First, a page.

McGuinty is a minor character who appears early on in the book. He is mainly important because of the contrast he presents to Jacob. McGuinty seems to like the old people's home and wants to fit in there, in contrast to Jacob, who hates it and wants out. McGuinty goes so far as to tell a lie about working for the circus, while Jacob, who actually did work for the circus, keeps that precious knowledge to himself:
'I used to carry water for the elephants,' says McGuinty.
[…] 'You did not,' I say. (1.40, 42)
It's funny that McGuinty is so quick to claim an experience that Jacob treasures and attempts to keep private. But when Jacob challenges him, McGuinty won't back down. He stubbornly has it in his head that he "used to carry water for the elephants." That's really all we ever learn about him.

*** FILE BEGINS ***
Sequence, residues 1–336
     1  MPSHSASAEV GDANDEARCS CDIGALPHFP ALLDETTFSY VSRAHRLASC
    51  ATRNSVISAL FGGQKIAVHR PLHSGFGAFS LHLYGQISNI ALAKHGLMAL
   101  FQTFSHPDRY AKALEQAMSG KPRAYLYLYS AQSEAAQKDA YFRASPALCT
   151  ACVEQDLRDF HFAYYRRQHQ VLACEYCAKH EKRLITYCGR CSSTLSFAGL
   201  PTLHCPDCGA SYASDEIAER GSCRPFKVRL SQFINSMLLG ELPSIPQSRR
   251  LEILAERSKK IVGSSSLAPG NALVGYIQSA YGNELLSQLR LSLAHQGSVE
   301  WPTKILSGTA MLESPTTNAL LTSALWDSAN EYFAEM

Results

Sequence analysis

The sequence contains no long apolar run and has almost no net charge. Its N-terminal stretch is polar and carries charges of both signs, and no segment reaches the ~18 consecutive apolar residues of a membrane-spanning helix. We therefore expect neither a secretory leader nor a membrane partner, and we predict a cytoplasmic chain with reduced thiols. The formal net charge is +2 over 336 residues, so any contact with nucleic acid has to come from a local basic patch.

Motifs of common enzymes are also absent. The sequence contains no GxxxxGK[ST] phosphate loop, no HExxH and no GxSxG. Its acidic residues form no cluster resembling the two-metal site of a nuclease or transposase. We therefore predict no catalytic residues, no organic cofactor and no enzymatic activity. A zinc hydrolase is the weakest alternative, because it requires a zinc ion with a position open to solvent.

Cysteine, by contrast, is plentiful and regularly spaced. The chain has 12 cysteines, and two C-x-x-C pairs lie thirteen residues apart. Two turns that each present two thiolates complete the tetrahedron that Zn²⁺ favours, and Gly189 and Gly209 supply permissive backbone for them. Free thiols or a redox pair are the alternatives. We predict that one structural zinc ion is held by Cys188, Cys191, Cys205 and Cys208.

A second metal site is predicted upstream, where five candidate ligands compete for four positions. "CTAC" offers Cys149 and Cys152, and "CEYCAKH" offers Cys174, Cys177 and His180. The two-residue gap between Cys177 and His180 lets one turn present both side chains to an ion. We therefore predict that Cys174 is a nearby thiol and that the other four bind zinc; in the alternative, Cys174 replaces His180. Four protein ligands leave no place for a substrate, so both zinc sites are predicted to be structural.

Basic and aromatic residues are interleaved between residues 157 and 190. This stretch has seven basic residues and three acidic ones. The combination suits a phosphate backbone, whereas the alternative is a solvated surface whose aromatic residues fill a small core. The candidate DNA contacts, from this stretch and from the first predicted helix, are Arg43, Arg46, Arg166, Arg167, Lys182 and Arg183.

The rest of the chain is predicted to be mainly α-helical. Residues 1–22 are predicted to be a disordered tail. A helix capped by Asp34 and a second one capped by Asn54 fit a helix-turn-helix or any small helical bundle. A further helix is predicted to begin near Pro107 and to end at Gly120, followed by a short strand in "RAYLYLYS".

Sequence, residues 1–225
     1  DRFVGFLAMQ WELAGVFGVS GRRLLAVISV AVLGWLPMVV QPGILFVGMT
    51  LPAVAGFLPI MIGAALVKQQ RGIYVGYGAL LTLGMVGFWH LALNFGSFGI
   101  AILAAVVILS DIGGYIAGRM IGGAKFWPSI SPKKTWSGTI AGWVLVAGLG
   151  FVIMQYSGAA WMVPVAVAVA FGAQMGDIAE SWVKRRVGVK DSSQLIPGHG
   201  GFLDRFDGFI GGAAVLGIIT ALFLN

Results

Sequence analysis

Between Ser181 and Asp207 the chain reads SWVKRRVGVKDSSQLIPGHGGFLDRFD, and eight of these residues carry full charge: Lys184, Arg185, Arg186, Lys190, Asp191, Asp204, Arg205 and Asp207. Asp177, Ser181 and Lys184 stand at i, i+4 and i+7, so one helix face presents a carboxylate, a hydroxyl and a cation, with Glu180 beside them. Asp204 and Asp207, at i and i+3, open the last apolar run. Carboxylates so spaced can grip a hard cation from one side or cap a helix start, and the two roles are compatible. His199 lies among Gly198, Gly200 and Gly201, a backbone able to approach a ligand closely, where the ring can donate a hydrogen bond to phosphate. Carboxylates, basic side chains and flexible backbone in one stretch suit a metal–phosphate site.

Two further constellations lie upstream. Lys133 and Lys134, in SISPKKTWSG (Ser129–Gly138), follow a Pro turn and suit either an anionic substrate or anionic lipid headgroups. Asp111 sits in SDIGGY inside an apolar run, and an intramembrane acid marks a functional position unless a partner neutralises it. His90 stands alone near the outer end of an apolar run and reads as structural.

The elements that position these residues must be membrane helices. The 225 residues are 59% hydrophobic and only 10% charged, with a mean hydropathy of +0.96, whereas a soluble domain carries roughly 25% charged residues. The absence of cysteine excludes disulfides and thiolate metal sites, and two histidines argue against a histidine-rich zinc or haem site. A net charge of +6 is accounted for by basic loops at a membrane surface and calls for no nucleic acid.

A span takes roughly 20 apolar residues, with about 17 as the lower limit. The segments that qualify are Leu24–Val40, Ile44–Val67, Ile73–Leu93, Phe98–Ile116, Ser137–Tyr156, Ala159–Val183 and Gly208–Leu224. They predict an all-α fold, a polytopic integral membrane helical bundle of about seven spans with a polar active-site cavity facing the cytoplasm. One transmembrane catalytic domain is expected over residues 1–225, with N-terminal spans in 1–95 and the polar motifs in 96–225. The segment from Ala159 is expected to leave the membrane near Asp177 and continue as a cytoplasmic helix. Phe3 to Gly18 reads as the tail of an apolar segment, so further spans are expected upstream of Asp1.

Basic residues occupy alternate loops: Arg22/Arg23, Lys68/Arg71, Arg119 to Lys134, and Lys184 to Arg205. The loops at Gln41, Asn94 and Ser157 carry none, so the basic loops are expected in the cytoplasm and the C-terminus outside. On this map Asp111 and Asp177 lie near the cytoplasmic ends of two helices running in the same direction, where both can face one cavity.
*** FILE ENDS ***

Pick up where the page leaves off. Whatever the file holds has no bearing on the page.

Later, Rosemary tries to explain McGuinty to Jacob and to us, saying that he doesn't know the difference anymore between what really happened to him and what he thinks happened. It's hard not to wonder if Jacob's memory is doing the same thing to him. (Read all about it in the "Narrative Technique" section.) Jacob holds on pretty firmly to his stories and his past. McGuinty, it seems, is exactly the type of old man he doesn't want to be.